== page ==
Said Michael Solomonov, the James Beard-award winning chef and owner of the acclaimed restaurant Zahav in Philadelphia, who penned the introduction to her book, “Adeena’s romance with Israel comes through brilliantly. She tells her story as part of the larger conversation surrounding Israeli cooking in such a beautiful, detailed way. It embodies her personal journey with Israel, through the land and its cuisine. She puts so much of her soul into the kitchen, and this book showcases just that. Her dishes are gorgeous, colorful, and delicious, which makes it easy to fall in love with her recipes.”

Of her own book Ms. Sussman said: “It’s not a tour of Israel, but of my life in Tel Aviv, the Carmel Market, and how I cook, how I truly cook”.

As for the name of her book, Ms. Sussman said, “I loved the way the word rolls off the tongue. I think life in Tel Aviv has a ‘sababa’ vibe. It’s vibrant, fresh, laid-back, more relaxed. Even when I’m busy, it feels more relaxed. There’s a looseness to life here that revolves around your friends and family. I want people to feel that. I want people to feel relaxed and excited about cooking my food.”

Sounds totally sababa.

Za’atar Roasted Chicken over Sumac Potatoes

4 to 5 medium red potatoes (1 1⁄2 pounds), scrubbed
4 medium shallots, quartered
4 tablespoons extra-virgin olive oil
2 tablespoons sumac
Kosher salt and freshly ground black pepper to taste
1 small roasting chicken (about 3 1⁄2 to 4 pounds), patted dry
1 small lemon
5 tablespoons Za’atar Spice Blend
1⁄4 teaspoon dried red pepper flakes
2 garlic cloves
6 thyme sprigs

Preheat the oven to 425°F.

Cut each potato into 6 wedges. In a 9 x 13-inch metal or glass baking dish, toss the potatoes and shallots with 1 tablespoon of the olive oil and the sumac, salt, and black pepper. Season the cavity and exterior of the chicken well with salt and pepper. Zest the lemon into a small bowl, halve the lemon and set aside. Add the remaining 3 tablespoons olive oil to the bowl along with 4 tablespoons of the za’atar and the red pepper flakes and gently stir. Stuff the lemon halves, garlic, and thyme sprigs inside the chicken, then rub the chicken all over with the za’atar mixture. (If you want to, you can tie the legs of the chicken together; it’s easier than doing a full chicken trussing, which is impressive but not necessary for a dish like this.) Sprinkle with the remaining tablespoon of za’atar. Place the chicken, breast-side up, on top of the potatoes. Roast the chicken for 15 minutes, then reduce the heat to 350°F and continue to roast the chicken until a chicken leg jiggles when pulled, the juices run clear, and the potatoes underneath the chicken are soft and the ones on the edges are crisp and golden, about another hour and 20 minutes (the rule is 23 to 25 minutes per pound of chicken, but the high roasting temperature at the beginning of the recipe shaves off a little time). Remove the chicken from the oven and let rest for 10 minutes. Remove the lemon, garlic, and thyme springs from the cavity, discarding the garlic and thyme. Carve the chicken right on top of the potatoes, letting the juice coat the potatoes, then squeeze one or both halves of the reserved lemon on the chicken and potatoes.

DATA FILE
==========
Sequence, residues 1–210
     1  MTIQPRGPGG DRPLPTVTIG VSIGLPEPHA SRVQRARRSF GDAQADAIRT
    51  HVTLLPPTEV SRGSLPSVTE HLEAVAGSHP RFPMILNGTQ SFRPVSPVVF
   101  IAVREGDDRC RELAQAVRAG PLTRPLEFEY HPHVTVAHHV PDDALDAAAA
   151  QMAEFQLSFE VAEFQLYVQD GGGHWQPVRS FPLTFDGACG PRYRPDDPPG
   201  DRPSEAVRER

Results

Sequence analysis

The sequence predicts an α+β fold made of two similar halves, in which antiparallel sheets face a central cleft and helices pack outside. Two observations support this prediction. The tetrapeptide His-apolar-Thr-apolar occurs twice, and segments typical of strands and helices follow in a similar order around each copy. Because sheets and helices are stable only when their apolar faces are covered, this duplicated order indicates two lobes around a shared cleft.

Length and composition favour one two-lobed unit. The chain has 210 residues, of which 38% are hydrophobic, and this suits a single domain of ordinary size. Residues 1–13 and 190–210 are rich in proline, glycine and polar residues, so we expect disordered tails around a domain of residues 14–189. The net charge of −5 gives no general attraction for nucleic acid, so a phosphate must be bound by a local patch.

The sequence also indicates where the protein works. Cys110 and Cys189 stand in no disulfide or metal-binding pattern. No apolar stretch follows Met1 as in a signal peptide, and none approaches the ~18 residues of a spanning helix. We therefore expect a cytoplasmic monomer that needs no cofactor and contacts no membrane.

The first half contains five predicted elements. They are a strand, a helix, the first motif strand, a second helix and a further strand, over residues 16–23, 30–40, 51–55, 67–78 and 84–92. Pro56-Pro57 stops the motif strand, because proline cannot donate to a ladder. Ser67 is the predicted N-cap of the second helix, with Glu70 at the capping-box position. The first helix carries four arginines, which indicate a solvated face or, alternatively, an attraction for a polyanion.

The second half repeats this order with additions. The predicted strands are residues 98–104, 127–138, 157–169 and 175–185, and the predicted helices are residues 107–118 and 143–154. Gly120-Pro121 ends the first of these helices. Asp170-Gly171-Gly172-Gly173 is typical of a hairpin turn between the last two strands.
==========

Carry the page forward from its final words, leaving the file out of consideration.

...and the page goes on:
Serves 4
Active Time: 20 minutes
Total Time: 2 hours 5 minutes (including resting time)

Chewy Tahini Blondies

1⁄2 cup (1 stick) unsalted butter, melted and cooled, or 1⁄2 cup olive oil or vegetable oil, plus more for buttering the pan
1 1⁄4 cups all-purpose flour
3⁄4 teaspoon baking powder
1⁄2 teaspoon ground cardamom (or more to taste if you really like this flavor)
1⁄2 teaspoon fine sea salt
1⁄4 teaspoon freshly ground black pepper
2 tablespoons lightly toasted black sesame seeds
2 tablespoons lightly toasted white sesame seeds
1 1⁄4 cups lightly packed light brown sugar
2 large eggs
1 teaspoon pure vanilla extract
1⁄2 cup pure tahini paste

Preheat the oven to 350°F. Butter an 8-inch square baking pan, then line the pan with 2 crisscrossing strips of parchment paper, buttering between each layer and leaving a 2-inch overhang on all sides. Butter the top and sides of the parchment.

In a medium bowl, whisk together the flour, baking powder, cardamom, salt, pepper, and the black and white sesame seeds. In another medium bowl, whisk together the brown sugar, 1⁄2 cup melted butter, eggs, and vanilla until smooth. Fold the dry ingredients into the wet ingredients until just incorporated, then fold in the tahini until smooth. Pour the batter into the prepared pan and bake until golden on the outside and the center doesn’t jiggle but is still soft, 25 to 30 minutes. Remove from the oven, cool in the pan, and cut into 16 equal squares.

Makes 16 squares
Active Time:10 minutes
Total Time: 40 minutes

From “Sababa” by Adeena Sussman, Published By Avery, an imprint of Penguin Publishing Group, a division of Penguin Random House, LLC. Copyright © 2019
by Adeena Sussman